Analysis: Liz Truss well-placed for sprint to finishing line to make shortlist to be UK’s next Prime Minister

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Liz Truss gains momentum to make shortlist of two  - most likely with Rishi Sunak - to be next PM  (PA Media)
Liz Truss gains momentum to make shortlist of two - most likely with Rishi Sunak - to be next PM (PA Media)

Liz Truss may have left it late.

But the Foreign Secretary appears now to be well-placed for a sprint to the finishing line to make it to the shortlist for Britain’s next Prime Minister.

In a helter-skelter leadership race, she goes into the final round on Wednesday with the most momentum.

Former Chancellor Rishi Sunak had been on a roll in the last round.

The early momentum had been with ex-International Development Secretary Penny Mordaunt.

And former equalities minister Kemi Badenoch had threatened to pull off a surprise success to get to the last two, to be put to Tory party members over the summer in a postal ballot, but crashed out on Tuesday.

Ms Truss gained 15 votes to be on 86, just behind Ms Mordaunt, up ten to 92.

It would almost certainly have been 93 if one of her supporters, Tobias Ellwood, chairman of the Commons defence committee, had not had the Tory whip removed for failing to back the Government in a confidence vote on Tuesday night, which he says was due to “unprecedented disruption” to his return home from Moldova.

Mr Sunak gained three votes to 118 and Ms Badenoch came in last with 59, up one.

The latest round is believed to have been most affected by how the 31 votes of supporters of soldier turned MP Tom Tugendhat, who went out in the third round, were split between the other candidates.

Most of them were expected to go to Mr Sunak and Ms Mordaunt.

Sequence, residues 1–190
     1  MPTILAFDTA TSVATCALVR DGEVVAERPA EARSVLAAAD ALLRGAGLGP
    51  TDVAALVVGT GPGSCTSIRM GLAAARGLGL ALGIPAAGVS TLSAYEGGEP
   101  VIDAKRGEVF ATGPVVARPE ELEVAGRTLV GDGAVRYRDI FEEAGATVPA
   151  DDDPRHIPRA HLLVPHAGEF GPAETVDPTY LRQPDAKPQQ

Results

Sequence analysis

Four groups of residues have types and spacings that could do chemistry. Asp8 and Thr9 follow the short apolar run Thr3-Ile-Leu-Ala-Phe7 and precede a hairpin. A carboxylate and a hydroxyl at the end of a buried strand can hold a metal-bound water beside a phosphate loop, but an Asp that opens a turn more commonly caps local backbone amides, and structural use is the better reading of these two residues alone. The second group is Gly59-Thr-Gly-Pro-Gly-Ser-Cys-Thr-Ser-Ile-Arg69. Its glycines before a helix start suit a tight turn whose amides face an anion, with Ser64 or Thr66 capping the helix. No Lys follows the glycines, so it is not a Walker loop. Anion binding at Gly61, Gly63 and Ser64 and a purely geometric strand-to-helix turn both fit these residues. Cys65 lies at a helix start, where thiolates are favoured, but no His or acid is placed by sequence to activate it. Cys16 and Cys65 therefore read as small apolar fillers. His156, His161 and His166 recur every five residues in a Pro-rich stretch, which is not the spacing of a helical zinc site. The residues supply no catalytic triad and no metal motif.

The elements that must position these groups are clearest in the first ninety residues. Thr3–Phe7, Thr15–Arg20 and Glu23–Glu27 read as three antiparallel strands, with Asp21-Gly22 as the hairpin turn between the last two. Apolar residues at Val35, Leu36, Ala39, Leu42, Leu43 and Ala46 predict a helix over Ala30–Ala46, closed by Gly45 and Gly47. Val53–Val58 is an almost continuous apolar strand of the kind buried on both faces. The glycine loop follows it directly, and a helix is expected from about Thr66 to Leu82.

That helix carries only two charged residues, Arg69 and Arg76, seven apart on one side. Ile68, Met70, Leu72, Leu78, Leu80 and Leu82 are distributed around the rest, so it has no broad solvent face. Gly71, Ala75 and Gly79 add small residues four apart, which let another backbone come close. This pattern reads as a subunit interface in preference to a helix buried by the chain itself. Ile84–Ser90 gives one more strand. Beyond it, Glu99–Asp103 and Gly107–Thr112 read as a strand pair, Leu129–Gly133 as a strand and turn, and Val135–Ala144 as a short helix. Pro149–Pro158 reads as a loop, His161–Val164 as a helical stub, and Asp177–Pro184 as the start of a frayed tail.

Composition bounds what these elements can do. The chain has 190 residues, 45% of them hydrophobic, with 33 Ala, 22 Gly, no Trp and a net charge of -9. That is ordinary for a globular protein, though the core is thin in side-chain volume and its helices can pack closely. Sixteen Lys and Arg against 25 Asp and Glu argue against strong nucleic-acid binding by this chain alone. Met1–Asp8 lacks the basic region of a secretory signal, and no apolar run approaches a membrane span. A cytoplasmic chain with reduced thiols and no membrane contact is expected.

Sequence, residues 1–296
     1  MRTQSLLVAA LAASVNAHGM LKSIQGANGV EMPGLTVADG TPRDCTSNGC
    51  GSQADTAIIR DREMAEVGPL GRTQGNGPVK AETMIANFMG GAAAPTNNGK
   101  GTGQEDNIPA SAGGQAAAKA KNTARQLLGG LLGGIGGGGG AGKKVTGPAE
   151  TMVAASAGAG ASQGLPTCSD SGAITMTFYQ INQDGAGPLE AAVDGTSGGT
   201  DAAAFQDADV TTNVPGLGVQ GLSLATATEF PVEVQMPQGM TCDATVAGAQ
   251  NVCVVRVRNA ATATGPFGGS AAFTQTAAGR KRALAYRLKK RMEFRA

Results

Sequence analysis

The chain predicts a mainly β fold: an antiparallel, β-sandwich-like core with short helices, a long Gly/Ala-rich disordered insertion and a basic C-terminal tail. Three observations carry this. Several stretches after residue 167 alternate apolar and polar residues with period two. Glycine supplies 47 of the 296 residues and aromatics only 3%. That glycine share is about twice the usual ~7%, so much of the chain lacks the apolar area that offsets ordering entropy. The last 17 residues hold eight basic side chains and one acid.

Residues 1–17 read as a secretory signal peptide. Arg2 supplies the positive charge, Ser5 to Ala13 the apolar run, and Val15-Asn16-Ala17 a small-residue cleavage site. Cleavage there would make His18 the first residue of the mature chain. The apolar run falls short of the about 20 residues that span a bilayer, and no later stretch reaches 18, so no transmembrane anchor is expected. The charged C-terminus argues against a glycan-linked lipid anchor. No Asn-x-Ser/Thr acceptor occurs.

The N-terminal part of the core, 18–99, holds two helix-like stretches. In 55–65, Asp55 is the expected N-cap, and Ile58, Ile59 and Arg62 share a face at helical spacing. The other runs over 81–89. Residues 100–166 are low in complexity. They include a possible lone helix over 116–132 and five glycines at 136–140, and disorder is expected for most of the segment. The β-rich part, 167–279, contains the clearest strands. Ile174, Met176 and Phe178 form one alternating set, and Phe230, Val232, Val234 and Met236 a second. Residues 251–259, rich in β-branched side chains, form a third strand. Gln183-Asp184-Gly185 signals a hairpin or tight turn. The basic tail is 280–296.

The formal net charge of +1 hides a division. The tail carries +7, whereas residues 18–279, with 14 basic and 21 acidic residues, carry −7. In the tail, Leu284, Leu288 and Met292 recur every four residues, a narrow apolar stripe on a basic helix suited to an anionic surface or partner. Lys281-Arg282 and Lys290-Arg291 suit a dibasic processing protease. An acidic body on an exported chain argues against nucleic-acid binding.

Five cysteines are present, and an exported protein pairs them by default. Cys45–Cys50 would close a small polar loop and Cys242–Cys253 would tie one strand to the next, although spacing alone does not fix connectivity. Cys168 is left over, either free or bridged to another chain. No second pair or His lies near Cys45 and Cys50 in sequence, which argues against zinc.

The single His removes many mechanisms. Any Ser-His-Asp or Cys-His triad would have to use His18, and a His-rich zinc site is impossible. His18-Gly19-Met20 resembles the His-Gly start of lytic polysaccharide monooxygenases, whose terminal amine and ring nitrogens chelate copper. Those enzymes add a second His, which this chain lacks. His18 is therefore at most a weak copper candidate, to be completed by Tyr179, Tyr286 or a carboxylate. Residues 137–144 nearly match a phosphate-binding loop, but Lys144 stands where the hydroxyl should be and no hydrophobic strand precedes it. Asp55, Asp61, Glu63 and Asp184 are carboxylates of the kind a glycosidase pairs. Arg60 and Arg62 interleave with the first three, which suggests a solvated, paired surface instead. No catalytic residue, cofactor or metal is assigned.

The headline figures suggested they did not, as together their totals went up by 13.

Some “churn” - with MPs switching between candidates - is believed to be affecting the results.

However, Ms Truss’ surge immediately sparked speculation at Westminster that Mr Sunak’s team had lent her campaign some support.

There is no evidence to show this is true.

But some backers of Mr Sunak believe Ms Truss would be an easier adversary to beat, as she has clearly-defined, strongly-held views, while Ms Mordaunt is more of an unknown opponent who may find it easier to gain traction as the candidate of change.

With the ballots being secret, and MPs not always voting the way that they say they will, are or have done, the full truth of the election is likely to never be known.

The final two contenders are now expected to be largely decided by how Right winger Ms Badenoch’s support splits.

The bulk of it was expected by many MPs to go to Ms Truss, which could push her over the line given how close she now is to Ms Mordaunt.

Mr Sunak is all but there, as any MP who gets 119 votes is on the shortlist. But you are only there when you are there.

As for Ms Mordaunt, she now faces a huge battle to stop Ms Truss pipping her at the post.

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